A Photographic State of Mind

I don’t know whether it’s the time of the year or a malfunction in my cycle of seeing but I notice that the January/February period often carries me into a slightly different state of photographic mind.

I tend to hold my camera less and explore more with my mind. This is the time when I like to relax with a cup of coffee and my dog by my side. I may venture into random photographic sites, read some articles and explore ideas. The common denominator of what I am looking for is everything outside my normal photographic interests.

I may also go for some urban explorations with my dog but without a camera. That doesn’t mean I leave my photographic mind at home. I walk around with a different purpose in mind. I just let my mind wander and allow any idea to pass through the gate. Nothing is off limits. My usual criteria for photographic mining go out of the window.

This year the strange habit carried me much further than usual. Not only were the ideas generated to my immediate liking but I immediately found a clear path – no fog, no hesitation. Clear doesn’t mean easy or comfortable. Quite the opposite!

This year such a laissez-faire state of mind is amplified by the fact that we are in the midst of upgrading our photographic gear. We have sold the X-T1 and the X-Pro2 hasn’t arrived yet. I have just one simple camera (X100S) at my disposal for a few weeks. So refreshing.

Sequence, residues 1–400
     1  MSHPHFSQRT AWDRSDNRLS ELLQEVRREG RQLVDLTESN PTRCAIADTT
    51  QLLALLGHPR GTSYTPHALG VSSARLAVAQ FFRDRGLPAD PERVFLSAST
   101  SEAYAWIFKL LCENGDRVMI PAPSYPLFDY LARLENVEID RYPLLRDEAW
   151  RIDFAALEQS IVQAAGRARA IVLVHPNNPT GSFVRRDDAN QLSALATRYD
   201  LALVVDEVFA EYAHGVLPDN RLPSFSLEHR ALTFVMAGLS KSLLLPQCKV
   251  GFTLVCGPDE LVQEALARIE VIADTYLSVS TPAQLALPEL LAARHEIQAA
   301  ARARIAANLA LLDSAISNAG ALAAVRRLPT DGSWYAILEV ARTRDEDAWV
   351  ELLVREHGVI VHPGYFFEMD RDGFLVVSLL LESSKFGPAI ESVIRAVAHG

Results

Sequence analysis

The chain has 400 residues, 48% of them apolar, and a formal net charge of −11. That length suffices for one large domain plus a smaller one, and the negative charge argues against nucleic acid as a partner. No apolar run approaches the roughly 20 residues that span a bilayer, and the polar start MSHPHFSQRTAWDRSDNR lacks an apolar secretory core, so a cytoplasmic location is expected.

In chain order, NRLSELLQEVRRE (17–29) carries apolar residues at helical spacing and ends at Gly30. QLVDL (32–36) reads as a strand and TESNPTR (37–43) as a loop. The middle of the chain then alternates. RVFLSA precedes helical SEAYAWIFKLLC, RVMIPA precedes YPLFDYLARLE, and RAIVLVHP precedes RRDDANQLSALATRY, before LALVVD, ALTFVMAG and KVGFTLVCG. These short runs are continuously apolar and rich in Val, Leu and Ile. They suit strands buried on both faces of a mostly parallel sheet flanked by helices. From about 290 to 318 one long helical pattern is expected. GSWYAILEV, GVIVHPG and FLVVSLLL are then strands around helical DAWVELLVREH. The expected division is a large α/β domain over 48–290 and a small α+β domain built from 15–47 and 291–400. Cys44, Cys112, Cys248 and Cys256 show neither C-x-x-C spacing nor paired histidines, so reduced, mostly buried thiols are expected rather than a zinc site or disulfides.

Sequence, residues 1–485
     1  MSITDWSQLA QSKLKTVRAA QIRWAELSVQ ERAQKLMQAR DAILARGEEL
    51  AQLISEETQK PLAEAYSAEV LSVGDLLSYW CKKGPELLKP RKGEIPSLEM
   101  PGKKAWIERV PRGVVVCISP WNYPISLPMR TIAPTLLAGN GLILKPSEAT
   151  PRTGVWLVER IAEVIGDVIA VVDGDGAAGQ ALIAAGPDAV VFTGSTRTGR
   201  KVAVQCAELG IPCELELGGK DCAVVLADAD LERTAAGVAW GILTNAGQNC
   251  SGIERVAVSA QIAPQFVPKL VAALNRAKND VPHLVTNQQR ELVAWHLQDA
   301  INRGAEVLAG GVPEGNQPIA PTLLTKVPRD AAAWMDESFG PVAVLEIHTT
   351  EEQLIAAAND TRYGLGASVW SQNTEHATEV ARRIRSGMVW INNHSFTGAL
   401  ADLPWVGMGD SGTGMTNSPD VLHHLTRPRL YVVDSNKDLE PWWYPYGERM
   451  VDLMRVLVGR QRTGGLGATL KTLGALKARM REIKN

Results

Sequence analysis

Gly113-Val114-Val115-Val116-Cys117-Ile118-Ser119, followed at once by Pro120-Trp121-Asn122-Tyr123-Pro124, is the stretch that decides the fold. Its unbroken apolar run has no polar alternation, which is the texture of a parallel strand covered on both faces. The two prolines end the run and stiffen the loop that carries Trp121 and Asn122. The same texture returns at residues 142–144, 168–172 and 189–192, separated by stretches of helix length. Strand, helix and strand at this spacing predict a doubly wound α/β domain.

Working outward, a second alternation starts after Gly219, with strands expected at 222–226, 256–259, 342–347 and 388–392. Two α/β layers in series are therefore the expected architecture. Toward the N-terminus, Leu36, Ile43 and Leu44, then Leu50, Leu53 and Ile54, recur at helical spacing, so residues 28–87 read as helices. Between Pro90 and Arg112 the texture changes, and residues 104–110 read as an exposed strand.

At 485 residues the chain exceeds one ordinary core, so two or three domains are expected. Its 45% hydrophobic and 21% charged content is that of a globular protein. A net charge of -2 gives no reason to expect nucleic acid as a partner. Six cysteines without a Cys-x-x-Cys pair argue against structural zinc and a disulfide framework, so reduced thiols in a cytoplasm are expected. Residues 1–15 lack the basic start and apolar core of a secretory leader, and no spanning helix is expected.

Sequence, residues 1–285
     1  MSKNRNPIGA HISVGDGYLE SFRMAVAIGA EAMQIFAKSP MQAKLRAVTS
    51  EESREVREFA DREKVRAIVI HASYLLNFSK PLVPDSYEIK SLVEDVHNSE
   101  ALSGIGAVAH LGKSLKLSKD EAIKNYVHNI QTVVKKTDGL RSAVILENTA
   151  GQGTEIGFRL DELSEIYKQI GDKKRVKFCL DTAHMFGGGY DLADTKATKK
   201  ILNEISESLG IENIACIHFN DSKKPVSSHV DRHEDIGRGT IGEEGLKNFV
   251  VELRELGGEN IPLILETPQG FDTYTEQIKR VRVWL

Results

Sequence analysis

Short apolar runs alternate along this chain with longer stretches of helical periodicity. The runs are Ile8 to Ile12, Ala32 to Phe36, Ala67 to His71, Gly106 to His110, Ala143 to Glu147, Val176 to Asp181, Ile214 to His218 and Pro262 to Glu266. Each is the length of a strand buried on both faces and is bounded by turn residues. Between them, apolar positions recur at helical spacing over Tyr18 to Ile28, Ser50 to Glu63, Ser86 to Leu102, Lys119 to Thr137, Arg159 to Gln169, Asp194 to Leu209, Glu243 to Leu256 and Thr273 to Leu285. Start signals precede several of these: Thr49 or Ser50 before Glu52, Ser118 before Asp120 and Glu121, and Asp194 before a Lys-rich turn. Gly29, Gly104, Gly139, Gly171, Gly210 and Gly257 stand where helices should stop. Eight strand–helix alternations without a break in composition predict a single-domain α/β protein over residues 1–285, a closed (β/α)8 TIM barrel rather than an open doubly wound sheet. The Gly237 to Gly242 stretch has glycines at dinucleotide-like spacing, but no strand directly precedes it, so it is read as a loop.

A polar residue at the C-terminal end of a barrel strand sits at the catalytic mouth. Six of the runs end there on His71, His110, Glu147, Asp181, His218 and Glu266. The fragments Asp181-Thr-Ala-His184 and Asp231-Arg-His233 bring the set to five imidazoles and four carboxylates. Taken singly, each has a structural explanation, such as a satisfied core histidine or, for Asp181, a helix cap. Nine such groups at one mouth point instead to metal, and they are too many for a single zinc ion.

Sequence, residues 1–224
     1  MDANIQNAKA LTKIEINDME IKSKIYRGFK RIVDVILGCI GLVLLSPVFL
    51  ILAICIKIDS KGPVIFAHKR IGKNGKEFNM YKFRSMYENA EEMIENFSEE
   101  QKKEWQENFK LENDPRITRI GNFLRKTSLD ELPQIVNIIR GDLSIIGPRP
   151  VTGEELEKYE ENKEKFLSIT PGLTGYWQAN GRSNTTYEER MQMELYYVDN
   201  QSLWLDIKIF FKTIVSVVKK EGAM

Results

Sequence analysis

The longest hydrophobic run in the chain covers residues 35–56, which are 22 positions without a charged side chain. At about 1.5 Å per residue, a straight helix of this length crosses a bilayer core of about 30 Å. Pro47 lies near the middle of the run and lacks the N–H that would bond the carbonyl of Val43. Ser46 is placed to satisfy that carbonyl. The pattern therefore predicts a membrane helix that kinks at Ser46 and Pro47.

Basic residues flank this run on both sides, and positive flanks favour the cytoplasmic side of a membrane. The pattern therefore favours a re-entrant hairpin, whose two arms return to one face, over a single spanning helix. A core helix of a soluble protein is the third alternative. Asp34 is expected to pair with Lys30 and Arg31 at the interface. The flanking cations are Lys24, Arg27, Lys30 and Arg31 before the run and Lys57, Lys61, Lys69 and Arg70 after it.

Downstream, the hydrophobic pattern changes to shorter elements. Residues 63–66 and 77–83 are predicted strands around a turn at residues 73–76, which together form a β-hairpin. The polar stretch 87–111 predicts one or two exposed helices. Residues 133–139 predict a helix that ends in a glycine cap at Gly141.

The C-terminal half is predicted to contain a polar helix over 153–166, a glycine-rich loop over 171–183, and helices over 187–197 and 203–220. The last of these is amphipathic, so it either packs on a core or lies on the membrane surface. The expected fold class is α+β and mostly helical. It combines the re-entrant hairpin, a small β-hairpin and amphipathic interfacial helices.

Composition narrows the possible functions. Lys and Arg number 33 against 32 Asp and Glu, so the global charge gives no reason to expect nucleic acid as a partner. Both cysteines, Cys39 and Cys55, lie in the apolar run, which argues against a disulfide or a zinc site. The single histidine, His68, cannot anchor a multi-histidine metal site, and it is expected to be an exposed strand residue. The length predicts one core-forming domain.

Okay, Olaf but where are you going with this? I guess my point is that photography should not only be reduced to actually holding your camera and shooting, viewing your images or processing them. It is much more than that – at least for me. This is the state of mind which allows me to break down walls, explore new ideas and question my path.

Captain, adjust the route, set a new course. Full speed ahead!


Here are a few images shot west of Kamloops on a very moody morning. They were all taken with the Fuji X-T1 and the XF 50-140mm F2.8.









2016 © Kasia & Olaf Sztaba Photography. All rights reserved.


7 thoughts on “A Photographic State of Mind

  1. Such lovely images and such wise words. So many seem to be describing being in a photographic slump (myself included). I’m going to take your advice and use this time “to simply see” instead. Thanks for the gift!

  2. I’m a firm believer that you don’t need a camera in your hands to learn how to see. Quite the opposite actually, I think it gets in the way sometimes.

    When I was a professional musician there were times when I’d be struggling with a part on the guitar, and the surefire solution to breaking through the barrier was to stop playing that piece for a while. Stepping away allows us to break out of our “daily norms”… those things that feel comfortable but are really just habits and traps, and when we pick up the camera again we look at things through fresh eyes.

    Oh, and that last photo….so beautiful.

    Talk more at lunch!



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